Used in a variety of ways on 3rd down. Isn’t a natural pass rusher at this stage. Possesses a good initial burst off the line standing up, but struggles to flatten out on the corner. Gets upright and looks too tight to drop pad level around the edge. Most of his pressure comes off his motor/work rate. Doesn’t have much of a pass rushing arsenal, seems to slow his feet when trying to decipher information and isn’t a real impact guy when asked to reach the QB. Displays slightly above-average fluidity in the hips when asked to open up and run. However, gets upright, struggles to keep his feet under him and is leggy in and out of his breaks taking away from his initial burst. Showcases good closing speed once he gets his legs back under him, but doesn’t feel/anticipate routes well in zone coverage.

Impression: Displays a good athletic skill set, runs well and possesses some natural power to his game. But is a better athlete than football player at this stage. Looks like the kind of guy who will need to make his mark on special teams.”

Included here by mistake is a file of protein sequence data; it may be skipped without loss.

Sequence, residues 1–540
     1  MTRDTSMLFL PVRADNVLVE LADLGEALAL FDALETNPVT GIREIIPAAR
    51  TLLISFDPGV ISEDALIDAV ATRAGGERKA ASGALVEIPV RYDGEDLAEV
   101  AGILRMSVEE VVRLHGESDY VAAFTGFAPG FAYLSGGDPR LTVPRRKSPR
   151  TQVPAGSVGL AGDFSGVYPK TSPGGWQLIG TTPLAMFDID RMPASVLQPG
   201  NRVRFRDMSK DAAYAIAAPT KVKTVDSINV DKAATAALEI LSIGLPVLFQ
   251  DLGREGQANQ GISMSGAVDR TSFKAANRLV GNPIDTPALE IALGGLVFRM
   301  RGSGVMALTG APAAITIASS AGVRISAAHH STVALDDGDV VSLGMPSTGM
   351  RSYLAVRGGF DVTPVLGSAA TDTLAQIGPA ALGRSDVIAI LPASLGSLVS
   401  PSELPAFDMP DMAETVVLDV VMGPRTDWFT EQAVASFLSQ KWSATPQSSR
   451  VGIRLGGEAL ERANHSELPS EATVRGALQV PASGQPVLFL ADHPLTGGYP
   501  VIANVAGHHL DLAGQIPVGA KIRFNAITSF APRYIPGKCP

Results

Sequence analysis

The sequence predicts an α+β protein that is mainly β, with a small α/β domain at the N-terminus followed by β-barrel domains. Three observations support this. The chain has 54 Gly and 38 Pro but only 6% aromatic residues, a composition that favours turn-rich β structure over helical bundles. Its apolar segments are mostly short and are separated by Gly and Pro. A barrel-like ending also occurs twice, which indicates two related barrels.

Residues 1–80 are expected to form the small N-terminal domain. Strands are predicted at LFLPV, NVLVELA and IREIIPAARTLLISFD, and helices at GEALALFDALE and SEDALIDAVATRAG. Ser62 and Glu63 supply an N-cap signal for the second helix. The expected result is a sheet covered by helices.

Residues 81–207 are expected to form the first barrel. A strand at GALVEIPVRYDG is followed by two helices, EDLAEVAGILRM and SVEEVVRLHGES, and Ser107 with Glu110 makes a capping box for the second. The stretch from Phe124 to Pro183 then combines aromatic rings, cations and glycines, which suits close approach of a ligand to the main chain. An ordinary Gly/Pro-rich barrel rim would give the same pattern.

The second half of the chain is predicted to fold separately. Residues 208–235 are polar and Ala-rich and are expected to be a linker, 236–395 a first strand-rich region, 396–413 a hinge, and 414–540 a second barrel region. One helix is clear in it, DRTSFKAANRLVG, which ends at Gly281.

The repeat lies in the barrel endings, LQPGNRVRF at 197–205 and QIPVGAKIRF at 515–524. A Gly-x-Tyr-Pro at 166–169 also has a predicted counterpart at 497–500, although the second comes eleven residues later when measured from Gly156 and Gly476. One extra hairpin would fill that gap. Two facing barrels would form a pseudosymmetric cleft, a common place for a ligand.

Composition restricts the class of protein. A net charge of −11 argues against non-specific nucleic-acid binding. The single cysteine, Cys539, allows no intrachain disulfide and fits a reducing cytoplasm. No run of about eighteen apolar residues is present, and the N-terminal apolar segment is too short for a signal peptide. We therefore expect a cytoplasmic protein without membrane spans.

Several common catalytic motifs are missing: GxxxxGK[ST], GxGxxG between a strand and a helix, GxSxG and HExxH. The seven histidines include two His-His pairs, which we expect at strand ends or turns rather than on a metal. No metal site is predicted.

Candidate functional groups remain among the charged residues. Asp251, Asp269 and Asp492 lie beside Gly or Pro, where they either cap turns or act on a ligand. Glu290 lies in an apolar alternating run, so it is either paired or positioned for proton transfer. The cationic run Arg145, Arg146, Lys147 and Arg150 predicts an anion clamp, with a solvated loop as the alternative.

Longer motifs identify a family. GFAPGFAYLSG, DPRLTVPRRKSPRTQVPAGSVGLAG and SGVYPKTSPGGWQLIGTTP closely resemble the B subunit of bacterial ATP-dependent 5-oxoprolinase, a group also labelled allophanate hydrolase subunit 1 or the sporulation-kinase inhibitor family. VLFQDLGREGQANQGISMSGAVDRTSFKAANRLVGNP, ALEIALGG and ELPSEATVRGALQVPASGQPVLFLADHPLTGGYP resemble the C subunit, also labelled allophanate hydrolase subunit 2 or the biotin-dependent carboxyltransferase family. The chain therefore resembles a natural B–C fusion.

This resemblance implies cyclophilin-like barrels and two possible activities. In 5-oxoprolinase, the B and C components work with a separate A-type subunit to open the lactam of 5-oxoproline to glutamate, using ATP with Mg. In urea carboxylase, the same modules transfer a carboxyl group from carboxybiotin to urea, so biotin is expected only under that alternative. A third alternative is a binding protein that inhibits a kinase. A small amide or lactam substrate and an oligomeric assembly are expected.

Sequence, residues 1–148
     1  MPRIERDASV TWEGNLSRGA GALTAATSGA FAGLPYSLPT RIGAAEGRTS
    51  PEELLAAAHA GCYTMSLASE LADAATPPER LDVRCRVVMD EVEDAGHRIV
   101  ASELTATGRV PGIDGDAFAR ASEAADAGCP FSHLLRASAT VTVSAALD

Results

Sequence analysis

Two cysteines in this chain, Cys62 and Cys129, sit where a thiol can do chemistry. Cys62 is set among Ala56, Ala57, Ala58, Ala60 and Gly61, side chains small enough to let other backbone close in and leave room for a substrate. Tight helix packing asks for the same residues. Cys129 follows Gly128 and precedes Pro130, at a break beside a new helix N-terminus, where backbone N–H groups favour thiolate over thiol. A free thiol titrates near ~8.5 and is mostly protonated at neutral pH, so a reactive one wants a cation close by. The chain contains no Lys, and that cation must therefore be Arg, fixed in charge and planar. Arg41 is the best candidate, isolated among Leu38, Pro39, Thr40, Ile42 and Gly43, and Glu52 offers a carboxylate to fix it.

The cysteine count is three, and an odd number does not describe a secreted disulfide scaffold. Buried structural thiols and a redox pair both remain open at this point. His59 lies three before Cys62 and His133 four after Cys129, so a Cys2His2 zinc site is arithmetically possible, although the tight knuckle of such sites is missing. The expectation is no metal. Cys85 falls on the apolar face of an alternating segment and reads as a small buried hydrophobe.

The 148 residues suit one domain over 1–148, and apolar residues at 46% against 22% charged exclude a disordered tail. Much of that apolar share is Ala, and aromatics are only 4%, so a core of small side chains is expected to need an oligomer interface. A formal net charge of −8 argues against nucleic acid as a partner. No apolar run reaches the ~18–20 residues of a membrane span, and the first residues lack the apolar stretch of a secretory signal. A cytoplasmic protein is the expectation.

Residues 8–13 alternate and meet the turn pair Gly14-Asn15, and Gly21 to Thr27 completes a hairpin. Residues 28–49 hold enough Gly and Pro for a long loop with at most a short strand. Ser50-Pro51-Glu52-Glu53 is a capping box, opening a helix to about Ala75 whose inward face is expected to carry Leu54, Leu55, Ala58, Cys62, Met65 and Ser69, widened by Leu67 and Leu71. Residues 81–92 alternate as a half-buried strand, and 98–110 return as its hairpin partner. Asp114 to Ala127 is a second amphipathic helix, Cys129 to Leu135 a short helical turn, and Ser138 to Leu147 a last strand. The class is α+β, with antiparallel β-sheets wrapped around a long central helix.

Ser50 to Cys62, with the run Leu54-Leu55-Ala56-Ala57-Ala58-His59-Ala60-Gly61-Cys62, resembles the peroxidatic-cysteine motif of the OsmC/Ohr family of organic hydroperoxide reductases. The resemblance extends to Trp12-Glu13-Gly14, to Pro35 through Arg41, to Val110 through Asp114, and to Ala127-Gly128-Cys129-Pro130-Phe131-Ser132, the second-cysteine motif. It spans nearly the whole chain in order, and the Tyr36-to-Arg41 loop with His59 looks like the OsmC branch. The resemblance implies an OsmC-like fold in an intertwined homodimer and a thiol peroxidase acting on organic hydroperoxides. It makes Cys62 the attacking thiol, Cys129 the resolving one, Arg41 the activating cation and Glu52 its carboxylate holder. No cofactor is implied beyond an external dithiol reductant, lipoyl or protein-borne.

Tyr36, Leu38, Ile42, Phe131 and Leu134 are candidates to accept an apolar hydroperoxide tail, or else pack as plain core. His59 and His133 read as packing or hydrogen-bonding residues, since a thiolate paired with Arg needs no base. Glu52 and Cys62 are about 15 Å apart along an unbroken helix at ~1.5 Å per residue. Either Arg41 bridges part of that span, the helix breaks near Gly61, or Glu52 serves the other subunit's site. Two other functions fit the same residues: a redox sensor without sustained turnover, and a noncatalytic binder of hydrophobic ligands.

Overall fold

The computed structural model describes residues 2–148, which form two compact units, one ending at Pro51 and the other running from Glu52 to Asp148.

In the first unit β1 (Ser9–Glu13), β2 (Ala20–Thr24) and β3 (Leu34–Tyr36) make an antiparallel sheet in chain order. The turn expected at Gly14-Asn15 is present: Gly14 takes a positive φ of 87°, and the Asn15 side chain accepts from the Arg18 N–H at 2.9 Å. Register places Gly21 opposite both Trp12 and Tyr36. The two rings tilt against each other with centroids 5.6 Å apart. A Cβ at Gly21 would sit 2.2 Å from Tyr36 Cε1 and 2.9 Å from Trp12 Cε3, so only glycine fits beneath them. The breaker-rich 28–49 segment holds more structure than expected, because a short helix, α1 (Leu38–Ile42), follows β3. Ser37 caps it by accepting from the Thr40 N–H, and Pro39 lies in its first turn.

A dozen picks later in the 5th round of the 2012 NFL Draft, the Cincinnati Bengals selected George Iloka (Safety – Boise State).  Iloka is 6’3.5″ and 225 pounds with 34.5″ arms.  He participated in the NFL Combine having 20 reps in the 225 pound bench press, 34.5″ vertical leap, 4.66 in the 40 yard dash, and 7.03 seconds in the 3-cone drill.  Iloka started 40 games for Boise State both at safety and corner — and, could play either strong or free safety in the NFL  In 2011, he had 58 tackles, one forced fumble, and zero interceptions — he was selected 3rd Team AP All-American and 1st Team All-Conference.  In 2010, he had 63 tackles, one forced fumble, and two interceptions.  Here is how the National Football Post scouted Iloka, who was the third highest ranked safety:

Nov 26,2011; Boise,ID, USA; Boise State Broncos safety George Iloka (8) during the first half of their game against the Wyoming Cowboys at Bronco Stadium. Boise State defeated Wyoming 36-14. Mandatory Credit: Brian Losness-US PRESSWIRE